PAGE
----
Excerpt …

From its advent, computer technology has transformed our world more than any other force [11]. In 2010, the Kaiser Family Foundation reported that Generation M2,  that is children and youth (8-18 years), spend about 7.5 hours a day using digital media [15]. Since 2010 that number has steadily increased. It may be startling to think that in industrialized nations this generation grew up with no memory of a time before the internet and smart phones [14]. The digital resolution has affected most aspects of the M2’s everyday lives not only in industrialized countries but also, increasingly, in developing countries. For example, UNICEF found that 40% of Vietnamese children in rural areas used the internet for educational purposes [18], and likely many more have access through family members’ cellular phones.

As designers, researchers, designers, developers, and users of interactive technologies, the HCI community is linked in myriad ways to Generation M2’s use of interactive technologies. The breakneck speed of innovation seen in research domains combined with the rise of awareness of the importance of involving children and youth as participants in research (e.g. [4,5]) raises both longstanding and unique ethical concerns, many of which are not known to the HCI community [8]. Children’s and youth’s rights to participate and be protected in research has been guided by declarations for over 50 years (e.g. United Nations Declaration of the Rights of the Child [1959]; Declaration of Helsinki [1964]; United Nations Convention on the Rights of the Child [1989]). Yet HCI research involving the M2 generation creates new challenges that have not been addressed in existing guidance. Consider the case in which a wearable EEG-based mobile neurofeedback app is developed to help young children living in poverty learn to self-regulate anxiety and attention in order to improve educational outcomes [3]. The case raises both longstanding issues, such as: How to adequately get assent from a population that cannot fully understand the risks or benefits of the research? What is a researchers’ responsibility to maintain research-based interventions in low SES communities once the initial research is complete? It also raises new issues, such as: How might neurodata that represents internal brain states that may or may not be modifiable impact a child’s sense of agency, identity, and epistemic authority?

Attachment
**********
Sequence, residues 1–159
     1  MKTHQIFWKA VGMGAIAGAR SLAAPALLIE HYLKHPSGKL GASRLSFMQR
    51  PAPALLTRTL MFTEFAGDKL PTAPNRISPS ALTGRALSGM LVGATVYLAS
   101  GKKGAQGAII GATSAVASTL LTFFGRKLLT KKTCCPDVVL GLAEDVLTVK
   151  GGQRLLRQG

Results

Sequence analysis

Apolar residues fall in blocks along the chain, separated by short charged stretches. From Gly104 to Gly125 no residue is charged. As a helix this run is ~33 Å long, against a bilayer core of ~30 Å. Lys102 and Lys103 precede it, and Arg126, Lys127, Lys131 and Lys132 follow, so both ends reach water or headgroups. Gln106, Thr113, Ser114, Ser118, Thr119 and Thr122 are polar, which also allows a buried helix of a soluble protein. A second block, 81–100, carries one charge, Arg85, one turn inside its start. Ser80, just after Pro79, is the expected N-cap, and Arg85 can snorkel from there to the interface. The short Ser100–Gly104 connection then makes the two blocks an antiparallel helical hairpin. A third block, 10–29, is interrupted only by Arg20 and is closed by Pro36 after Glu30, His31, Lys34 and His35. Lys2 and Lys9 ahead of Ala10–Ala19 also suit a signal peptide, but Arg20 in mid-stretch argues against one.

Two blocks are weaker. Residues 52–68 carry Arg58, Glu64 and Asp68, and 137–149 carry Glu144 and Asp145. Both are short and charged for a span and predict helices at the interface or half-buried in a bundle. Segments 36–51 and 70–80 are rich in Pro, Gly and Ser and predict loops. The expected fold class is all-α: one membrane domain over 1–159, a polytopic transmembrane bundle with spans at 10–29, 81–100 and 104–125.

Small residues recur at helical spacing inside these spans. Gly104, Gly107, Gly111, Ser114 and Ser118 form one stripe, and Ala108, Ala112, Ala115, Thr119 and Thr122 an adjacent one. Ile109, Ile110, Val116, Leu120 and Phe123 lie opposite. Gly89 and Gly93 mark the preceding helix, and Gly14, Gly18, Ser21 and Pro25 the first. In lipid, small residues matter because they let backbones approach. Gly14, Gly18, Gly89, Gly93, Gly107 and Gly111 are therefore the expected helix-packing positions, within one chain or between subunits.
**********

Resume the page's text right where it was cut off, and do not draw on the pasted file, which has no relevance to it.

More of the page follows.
Another underexplored issue is the cultural and philosophical lenses that we as researchers hold about science, technology and children, either implicitly or explicitly, when we plan and implement research. For example in [7] Frauenberger makes a compelling case for a critical realist conceptualization of disability (e.g. autism) that … “serves the project as guiding principle in planning and conducting workshops or studies in an ethically and morally responsible way.” The importance of this issue was evident during the 2018 CHI Roundtable on Ethics [6], in an animated discussion on the importance of cultural perspective. Scholars of childhood also urge for the consideration of how children’s and young people’s interactions with new technologies are firmly located in wider settings of cultural and social processes: the institutional organization of childhood, schooling, family, and the different uses of private and public space [14]. It is imperative we each examine our own philosophical and cultural perspective, which may be unconscious, to avoid developing ethics guidance that is insensitive to the cultures of childhood and/or assumes either a techno-determinist or utopian vision of the future.

It is clear that ethics in HCI for children and youth cannot keep up with the speed in which new ethical challenges arise, nor are most researchers versed in guidance for longstanding issues. Yet over the last few years there has been a rising awareness through keynotes, panels, and SIGs in our community of the importance of proactively considering ethical issues and moral perspectives in HCI for children and youth (e.g. [1,8,13]). The challenge to address ethics in HCI is shared with the rest of the HCI research community – as the CHI 2018 roundtable indicated in terms of it’s goals … “the development of community norms for research ethics in the face of evolving technology and methods.” We argue that this work is even more critical when we are dealing with vulnerable populations such as minors.

This workshop is the first formal gathering to address these challenges within the broader HCI community. In alignment with the SIGCHI Ethics Committee our aim is to facilitate discussion around research ethics within the community. Thus, the motivation for this workshop is to have time and space to flesh out and create an agenda, connect preliminary working groups with members from academe and industry, share and review processes that focus on minors in HCI, and begin to draft relevant ethical guidance for research practice.

We seek to bring together individuals who work closely with children and youth through research, design, and deployment of interactive technologies in both industrialized and developing countries. Specifically our goals are to:

  • Bring forward cases that reveal ethical challenges and discuss dilemmas and issues encountered
  • Identify ethical priorities to direct the development of processes and guidelines
  • Reveal the role cultural and philosophical perspectives play in developing guidance
  • Discuss existing governance that may apply
  • Commence with the development of culturally sensitive guidance including research practice and review-based norms for the field
  • Formalize a preliminary working group
  • Commit to the dissemination of norms (e.g. ACM Interactions, special issue of IJCCI on Ethics).